And since we're talking about boxes - we sort of were, anyway - I want to share with you another of my favorite gift answers for my giveaway. In the giveaway the reader is entered in an extra drawing just by naming a favorite gift or Christmas memory. I shared one story last Thursday about a family who lost all their presents on Christmas Eve but still managed to have a good Christmas. This week's story is different. A smiling fun memory about a grandmother.
My reader says her grandmother always made her grandchildren nightgowns or night shirts every year and she had plenty of grandkids. Then to make the gift more fun she used various and sundry boxes to wrap them in. Like a cracker box or an oatmeal box. My reader said they always had fun comparing boxes and wondering what Grandma would come up with new each year.
I wonder today what my grandkids will remember about coming home for Christmas. That it was noisy. That there were a lot of presents. That the punch was good. (I remember that from when I was a kid. One of my favorite things.) That grandma always, always gave them a book along with some other stuff. That grammy loved them beyond measure. I hope they have good memories the way my reader did about her grandma's present in the funny boxes. Sometimes it's not the present or even the box that's most important. It's the love behind the gift.
Merry Christmas!! You are a gift to me.
Wednesday, December 15, 2010
Gifts are such a big part of our Christmas traditions and celebrations. So I want to include you in the gift giving and getting fun. I sent out a newsletter this week telling about a new giveaway. Books, of course. Don't you think you best like to give the things you most like to get? Although I'll have to confess that if I get many more books, I'm going to need to build on a room to turn into a library. Wouldn't that be nice? A whole room dedicated to books and reading. I can see the leather armchairs and footstools now. No t.v. or computer allowed. Just books. Of course the library shelves I'm imagining are full of those beautifully bound hardback books and not the colorful paperbacks stacked in my bookcase with covers enticing me to take a few weeks off and read, read, read. With the number of books I've been collecting lately, I'd need at least a solid month to even begin catching up on my reading.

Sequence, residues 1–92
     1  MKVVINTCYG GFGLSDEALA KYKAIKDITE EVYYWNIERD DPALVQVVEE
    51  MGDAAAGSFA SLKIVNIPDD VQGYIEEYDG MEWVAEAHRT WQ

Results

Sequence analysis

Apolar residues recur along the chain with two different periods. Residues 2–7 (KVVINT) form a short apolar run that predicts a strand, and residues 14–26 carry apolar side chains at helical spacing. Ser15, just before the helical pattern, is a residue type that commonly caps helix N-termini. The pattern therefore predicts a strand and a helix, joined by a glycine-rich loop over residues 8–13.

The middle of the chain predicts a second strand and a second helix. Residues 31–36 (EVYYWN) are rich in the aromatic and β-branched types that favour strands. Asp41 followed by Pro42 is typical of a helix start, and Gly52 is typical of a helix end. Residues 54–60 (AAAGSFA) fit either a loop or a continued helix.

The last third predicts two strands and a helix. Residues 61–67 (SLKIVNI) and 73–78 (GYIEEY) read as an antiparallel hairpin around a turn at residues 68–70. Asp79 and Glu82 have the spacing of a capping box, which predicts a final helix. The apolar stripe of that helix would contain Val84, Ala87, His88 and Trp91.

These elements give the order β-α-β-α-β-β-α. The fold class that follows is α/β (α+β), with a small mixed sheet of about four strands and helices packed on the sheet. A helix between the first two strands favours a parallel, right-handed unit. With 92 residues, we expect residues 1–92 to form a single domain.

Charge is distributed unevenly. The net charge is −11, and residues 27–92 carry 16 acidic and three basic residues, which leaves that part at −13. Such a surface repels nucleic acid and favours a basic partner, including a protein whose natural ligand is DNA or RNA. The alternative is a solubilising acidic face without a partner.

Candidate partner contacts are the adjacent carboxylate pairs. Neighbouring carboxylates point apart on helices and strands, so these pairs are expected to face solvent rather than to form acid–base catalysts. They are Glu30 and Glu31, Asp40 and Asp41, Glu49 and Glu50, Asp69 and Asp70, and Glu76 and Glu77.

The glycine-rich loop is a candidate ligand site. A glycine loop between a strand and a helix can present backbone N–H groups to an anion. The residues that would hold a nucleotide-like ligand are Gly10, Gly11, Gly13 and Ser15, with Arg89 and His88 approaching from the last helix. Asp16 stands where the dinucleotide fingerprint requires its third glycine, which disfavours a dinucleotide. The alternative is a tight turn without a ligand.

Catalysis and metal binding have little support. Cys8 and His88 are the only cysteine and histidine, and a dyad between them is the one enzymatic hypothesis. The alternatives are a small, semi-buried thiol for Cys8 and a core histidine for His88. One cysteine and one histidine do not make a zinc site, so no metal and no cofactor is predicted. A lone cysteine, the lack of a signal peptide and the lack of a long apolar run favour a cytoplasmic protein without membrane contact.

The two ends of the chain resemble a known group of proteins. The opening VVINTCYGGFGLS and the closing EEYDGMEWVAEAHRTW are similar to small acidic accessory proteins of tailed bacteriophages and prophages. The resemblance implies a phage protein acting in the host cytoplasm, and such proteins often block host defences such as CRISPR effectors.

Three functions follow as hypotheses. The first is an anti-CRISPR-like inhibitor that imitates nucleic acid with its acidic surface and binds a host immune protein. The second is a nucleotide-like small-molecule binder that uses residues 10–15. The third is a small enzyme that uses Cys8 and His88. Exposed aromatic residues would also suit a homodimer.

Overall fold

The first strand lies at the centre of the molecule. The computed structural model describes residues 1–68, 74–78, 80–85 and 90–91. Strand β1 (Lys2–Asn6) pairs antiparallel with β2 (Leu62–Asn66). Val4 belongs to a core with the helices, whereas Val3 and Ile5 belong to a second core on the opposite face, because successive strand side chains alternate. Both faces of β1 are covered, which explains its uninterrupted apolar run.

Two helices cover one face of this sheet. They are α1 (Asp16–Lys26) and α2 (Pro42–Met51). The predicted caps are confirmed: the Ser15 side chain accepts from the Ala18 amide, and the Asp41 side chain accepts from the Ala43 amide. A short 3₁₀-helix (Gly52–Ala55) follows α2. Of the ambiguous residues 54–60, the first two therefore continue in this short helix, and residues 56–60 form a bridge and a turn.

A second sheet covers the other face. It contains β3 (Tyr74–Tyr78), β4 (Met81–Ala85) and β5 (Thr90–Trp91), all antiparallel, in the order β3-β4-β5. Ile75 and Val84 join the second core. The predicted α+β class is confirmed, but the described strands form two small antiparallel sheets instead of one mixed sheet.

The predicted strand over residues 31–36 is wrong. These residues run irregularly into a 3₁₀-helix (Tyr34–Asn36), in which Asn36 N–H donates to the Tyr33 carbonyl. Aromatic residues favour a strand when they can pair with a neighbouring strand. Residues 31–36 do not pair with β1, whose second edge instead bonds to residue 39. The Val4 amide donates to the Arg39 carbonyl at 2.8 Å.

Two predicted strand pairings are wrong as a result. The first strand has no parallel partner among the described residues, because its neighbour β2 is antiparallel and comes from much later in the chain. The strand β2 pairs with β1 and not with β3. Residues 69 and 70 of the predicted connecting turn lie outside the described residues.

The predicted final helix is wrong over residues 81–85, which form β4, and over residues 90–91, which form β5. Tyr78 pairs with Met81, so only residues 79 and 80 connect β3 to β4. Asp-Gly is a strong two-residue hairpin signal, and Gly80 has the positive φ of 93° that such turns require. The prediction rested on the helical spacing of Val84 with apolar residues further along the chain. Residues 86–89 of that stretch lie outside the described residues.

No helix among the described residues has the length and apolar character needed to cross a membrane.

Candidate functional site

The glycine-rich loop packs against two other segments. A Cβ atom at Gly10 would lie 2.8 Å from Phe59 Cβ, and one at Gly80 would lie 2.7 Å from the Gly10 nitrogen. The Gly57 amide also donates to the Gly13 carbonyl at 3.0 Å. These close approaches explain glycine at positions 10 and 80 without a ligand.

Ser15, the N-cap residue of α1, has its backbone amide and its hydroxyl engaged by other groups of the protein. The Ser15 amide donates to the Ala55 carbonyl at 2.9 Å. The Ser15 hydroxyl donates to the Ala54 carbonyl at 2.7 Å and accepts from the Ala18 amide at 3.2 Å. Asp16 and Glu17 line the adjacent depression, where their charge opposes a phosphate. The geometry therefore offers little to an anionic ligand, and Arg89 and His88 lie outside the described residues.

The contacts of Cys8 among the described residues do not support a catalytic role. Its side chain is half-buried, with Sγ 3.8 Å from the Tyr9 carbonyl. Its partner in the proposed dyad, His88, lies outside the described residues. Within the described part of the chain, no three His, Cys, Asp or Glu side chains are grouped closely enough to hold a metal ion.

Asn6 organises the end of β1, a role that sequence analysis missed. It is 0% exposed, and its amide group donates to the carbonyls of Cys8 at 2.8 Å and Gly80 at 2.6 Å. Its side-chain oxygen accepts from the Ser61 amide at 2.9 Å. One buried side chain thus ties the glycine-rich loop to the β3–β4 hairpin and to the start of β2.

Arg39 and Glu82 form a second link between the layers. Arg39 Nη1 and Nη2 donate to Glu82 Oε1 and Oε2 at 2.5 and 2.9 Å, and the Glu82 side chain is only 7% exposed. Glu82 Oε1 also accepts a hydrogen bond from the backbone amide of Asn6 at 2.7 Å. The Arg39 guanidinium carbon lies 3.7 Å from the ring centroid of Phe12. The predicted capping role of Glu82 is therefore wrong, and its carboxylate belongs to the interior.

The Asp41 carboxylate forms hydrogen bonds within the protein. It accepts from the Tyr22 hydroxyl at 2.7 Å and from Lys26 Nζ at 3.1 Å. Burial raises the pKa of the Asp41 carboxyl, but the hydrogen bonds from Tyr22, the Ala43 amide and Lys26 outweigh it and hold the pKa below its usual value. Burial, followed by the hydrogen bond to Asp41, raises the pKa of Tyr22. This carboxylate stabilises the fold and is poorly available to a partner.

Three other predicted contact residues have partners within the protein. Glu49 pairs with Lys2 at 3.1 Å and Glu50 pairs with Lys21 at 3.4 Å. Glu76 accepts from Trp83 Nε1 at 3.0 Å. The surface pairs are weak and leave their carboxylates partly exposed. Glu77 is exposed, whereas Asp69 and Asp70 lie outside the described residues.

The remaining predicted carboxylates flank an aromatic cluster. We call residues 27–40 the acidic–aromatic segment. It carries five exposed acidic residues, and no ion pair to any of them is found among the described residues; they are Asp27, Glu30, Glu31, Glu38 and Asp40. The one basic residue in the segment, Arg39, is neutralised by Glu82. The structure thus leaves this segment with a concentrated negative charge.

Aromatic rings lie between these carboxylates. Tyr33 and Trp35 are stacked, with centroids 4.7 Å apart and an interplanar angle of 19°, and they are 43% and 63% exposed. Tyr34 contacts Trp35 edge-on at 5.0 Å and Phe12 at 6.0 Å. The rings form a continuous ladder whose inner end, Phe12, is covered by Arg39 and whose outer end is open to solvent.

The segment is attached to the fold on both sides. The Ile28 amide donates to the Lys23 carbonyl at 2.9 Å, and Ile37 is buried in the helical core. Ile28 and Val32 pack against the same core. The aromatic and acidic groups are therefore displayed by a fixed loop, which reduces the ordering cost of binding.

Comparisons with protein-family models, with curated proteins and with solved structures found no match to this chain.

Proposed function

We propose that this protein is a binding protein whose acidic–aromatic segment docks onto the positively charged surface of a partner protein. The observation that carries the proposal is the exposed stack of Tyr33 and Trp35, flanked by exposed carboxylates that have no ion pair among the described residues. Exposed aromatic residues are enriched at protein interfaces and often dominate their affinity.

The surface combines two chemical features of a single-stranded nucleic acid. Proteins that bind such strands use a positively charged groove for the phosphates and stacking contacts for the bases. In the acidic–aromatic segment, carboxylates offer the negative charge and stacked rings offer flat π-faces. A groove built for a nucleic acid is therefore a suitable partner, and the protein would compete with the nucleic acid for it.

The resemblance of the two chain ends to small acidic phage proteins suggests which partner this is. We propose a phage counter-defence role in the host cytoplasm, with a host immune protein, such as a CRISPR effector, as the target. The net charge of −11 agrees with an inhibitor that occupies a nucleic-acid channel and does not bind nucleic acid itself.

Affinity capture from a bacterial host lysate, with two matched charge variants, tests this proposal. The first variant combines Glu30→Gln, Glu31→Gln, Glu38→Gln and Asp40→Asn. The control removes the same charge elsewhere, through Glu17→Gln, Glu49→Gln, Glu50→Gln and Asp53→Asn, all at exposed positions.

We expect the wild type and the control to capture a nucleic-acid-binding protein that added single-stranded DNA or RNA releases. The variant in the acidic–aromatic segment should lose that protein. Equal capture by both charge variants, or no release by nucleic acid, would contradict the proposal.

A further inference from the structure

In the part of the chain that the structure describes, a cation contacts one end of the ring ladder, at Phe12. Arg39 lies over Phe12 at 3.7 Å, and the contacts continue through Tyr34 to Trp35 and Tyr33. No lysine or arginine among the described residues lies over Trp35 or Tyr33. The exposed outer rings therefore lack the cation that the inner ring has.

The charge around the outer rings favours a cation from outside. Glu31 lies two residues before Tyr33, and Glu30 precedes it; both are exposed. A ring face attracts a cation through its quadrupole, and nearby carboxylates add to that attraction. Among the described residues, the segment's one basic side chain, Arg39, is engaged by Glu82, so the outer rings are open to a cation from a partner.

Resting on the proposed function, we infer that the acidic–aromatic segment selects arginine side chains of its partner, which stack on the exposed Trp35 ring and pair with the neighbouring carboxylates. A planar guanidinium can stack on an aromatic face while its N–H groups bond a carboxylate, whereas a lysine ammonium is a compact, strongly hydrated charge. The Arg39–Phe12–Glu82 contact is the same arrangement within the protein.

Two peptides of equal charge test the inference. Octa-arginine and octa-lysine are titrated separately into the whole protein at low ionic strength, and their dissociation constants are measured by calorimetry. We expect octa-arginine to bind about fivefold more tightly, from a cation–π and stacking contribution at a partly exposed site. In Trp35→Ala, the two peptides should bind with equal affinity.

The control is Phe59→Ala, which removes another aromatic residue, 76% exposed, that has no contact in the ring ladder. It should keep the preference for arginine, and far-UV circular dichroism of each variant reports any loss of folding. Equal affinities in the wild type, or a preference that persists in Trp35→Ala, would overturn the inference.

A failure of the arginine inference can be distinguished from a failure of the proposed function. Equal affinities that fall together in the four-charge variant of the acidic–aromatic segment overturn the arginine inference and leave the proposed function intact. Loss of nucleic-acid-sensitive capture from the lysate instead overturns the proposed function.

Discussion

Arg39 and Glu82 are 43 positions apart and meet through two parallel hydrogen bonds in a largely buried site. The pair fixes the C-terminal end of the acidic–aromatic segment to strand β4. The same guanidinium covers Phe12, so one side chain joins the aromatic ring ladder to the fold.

That's not going to happen, but I can dream. Of course there's that sticky little problem of how I want to write too. And deadlines looming and new books to edit. So I'll keep doing my best to find reading time because reading is necessary to writing. Reading is not only a pleasure; it inspires and educates and challenges. So that's why I'm giving away books. Some of mine, of course, but since my shelves are overflowing, I'm adding some surprises too. Maybe a book by another author. Maybe a Shaker Christmas ornament. Maybe a box of rocks. No, I wouldn't do that. Too heavy to mail. ;-) I'm not saying exactly what or it won't be a surprise.
This giveaway is a little different. I'll draw five names from the "everybody" hat. That's anybody who sends me an e-mail or leaves a comment here on my One Writer's Journal. Then if you've never won anything in my giveaways and tell me that, I'll put your name in the "I never win anything" hat to be sure one of you won't be able to say that after January. Last, if you tell me your favorite Christmas gift, your name will go into another hat. So you will have lots of chances to win one of my books and those surprises.
I've had fun reading about those favorite gifts sent in by readers of my newsletter. I've got enough fodder for all my blog posts until Christmas and beyond. (Gee, I sound like Buzz Lightyear.) You can be sure I'll report on my very unscientific poll of what gifts made us happy at Christmas time. To start off the Christmas gift report, I want to share a great Chrismas story from reader, Lana.
Lana didn't tell me what year this happened, but I know you'll be inspired by her favorite Christmas memory. When she was nine years old, all her families' Christmas presents were stolen on Christmas Eve. Her mother - there wasn't a father in the picture - had hidden the presents from her five children in the trunk of her car. You can imagine how bleak Christmas morning must have been when Lana's mother discovered the gifts stolen. But she didn't let that spoil her Christmas spirit even though there was no money to replace the gifts.
I'm going to let you hear the rest of the story in Lana's words. "So my mother did two things: she went to a loan company to borrow the money to purchase our first TV set (black and white) and she bought a huge dog bank and we began to save our pennies to replace our Christmas presents and each of us got to pick out a present we wanted. I got a Brownie camera! I was so excited. So we had Christmas in July that following year. I don't recall how long it took her to pay off that loan but it took a while. This may not sound like a favorite Christmas but it brought us five kids closer and gives us something to talk about today when we are all together."
Thank you, Lana, for sharing that beautiful story of how your mother turned something so bad into something you now treasure as a good memory. Your story just goes to prove that love is the greatest gift and the one that we remember forever.